just because we are the dominant species on this planet does not make it ok to go out and wipe out a good population of another species we share the planet with, this in Moronic thinking of uneducated minds, it's time we started learning how to share this planet and look after it properly with out always killing something we don't full understand or killing it because someone thinks it's head looks good above his fire place and can tell a big fabricated lie about how he heroically brought down the beast
it's time to leave behind the caveman mentality and strive to become better people and make a better future for those yet to come, if we keep killing precious species there will be none left for our kids and their kids to enjoy watching,when we are all old and grey and your grand kids ask , why are there no more of these beautiful animals any more, what will the answer be?
we can all do better than this, lets do the right thing for the future of not only the children of the future but also for a fragile ecosystem, that supports us all, just loosing one species throws off natures delicate balance and this can not be refuted , lets make a better future where our wildlife can live in peace with out he threat of man always destroying what he does not understand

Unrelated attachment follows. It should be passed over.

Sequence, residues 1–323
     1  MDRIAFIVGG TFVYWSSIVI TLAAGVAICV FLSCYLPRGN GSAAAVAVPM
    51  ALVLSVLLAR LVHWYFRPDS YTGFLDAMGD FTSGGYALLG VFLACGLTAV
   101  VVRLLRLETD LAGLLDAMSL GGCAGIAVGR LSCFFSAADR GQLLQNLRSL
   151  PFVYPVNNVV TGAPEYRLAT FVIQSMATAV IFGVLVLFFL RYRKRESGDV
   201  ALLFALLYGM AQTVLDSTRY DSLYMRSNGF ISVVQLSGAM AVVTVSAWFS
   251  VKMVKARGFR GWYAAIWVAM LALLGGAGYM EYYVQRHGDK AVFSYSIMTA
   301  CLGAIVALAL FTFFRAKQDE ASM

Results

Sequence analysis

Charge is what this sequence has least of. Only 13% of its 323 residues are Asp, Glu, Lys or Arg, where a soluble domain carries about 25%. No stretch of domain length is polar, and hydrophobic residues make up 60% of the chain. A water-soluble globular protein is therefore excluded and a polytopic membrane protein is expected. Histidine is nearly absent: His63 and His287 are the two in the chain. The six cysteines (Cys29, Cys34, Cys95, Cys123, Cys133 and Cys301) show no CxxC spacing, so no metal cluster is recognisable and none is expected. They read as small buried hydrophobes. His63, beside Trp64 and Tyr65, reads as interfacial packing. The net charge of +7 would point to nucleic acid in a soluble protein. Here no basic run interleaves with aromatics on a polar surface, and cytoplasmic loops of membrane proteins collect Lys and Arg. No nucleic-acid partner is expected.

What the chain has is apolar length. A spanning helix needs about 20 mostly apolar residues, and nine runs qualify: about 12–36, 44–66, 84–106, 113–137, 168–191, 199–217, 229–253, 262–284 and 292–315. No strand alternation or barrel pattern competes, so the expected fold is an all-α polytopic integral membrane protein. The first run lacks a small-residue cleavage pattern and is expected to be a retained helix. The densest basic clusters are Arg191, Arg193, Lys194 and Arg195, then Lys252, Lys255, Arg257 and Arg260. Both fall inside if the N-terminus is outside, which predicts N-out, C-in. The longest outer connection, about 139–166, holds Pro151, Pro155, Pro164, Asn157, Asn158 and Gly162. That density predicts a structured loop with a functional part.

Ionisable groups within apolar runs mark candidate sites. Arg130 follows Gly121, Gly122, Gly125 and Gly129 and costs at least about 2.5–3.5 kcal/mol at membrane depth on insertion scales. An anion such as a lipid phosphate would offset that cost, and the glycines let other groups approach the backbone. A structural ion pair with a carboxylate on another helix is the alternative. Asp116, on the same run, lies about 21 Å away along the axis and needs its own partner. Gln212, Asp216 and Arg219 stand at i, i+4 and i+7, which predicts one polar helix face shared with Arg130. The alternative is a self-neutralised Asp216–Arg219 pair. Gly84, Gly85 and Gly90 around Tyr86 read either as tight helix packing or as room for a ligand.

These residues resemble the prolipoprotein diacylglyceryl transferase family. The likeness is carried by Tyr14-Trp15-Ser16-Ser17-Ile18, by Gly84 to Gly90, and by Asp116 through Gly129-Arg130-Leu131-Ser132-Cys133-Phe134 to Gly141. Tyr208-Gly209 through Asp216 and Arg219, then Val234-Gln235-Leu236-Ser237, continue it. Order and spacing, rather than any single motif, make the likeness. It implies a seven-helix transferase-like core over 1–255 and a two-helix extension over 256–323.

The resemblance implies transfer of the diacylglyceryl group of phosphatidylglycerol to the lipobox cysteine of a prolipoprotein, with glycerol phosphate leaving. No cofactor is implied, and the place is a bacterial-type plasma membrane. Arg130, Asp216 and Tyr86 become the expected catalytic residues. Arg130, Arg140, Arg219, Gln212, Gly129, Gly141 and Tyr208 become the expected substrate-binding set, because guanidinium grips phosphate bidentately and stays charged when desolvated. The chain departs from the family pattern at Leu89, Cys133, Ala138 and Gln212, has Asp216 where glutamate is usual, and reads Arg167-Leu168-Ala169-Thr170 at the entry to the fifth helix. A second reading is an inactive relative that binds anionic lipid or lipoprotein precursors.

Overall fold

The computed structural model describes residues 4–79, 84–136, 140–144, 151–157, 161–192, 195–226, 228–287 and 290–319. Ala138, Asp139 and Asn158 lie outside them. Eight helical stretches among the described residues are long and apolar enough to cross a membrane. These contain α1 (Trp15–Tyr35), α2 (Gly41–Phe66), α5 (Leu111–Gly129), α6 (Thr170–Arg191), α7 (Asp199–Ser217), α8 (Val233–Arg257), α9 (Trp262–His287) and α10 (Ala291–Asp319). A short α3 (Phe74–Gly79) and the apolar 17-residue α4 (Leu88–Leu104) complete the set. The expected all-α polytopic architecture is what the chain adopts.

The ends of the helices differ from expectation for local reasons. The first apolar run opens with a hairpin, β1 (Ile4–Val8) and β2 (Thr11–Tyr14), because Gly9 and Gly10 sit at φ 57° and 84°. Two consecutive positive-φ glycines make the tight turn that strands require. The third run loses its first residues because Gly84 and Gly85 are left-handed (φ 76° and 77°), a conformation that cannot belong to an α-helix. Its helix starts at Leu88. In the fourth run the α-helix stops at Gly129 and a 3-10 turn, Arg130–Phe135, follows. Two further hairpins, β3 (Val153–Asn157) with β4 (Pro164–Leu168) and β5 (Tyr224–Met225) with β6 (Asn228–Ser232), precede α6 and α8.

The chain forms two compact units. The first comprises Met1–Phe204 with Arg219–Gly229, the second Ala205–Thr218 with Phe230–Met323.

Steve Woods

Tony Bynum
December 28, 2013 at 2:29 am

John, great photos! You wouldn't be just a tad biased now would you? ;-).

Thofik Nugroho
January 13, 2014 at 3:16 pm

Thank you so much John for advocating on this critical issue

James Billett
January 22, 2014 at 8:02 pm

Such beautiful animals. Would love to see these. Not much chance in the UK sadly.

February 4, 2014 at 7:59 pm

Amazing photos. How amazing to photograph these animals.

Susan Juby
February 5, 2014 at 1:06 am

I was incredibly disheartened to learned that the hunt has been reopened. I've written to Steve Thomson and encouraged everyone I know to do the same. Thanks for making people aware of this issue.

Fred O'Donnell
February 25, 2014 at 5:18 am

Fantastic blog, John! And the photographs are outstanding. I hope you win your fight.

January 12, 2015 at 1:58 am

Hi John, The Gov't of Alberta is proposing to slaughter more wolves in the Little Smokey area of northern Alberta as a desperate means of complying with the Feds who want action by 2017. I'm sure you've been following the story for years as the provincial gov't has killed 1000 wolves in this area over the past 10 years but hasn't increased the caribou population at all, meanwhile it's been selling land leases to oil and gas companies like there's no tomorrow, which has really been the cause of the caribou decline. I've been asked to forward this link on from ESRD to anyone who cares to read it and readers are encouraged to leave a comment at the end voicing their concerns. If you or any of your readers would agree to participate we are hoping that with enough comments opposing this proposal, it will be halted. Thank you for your assistance with this matter.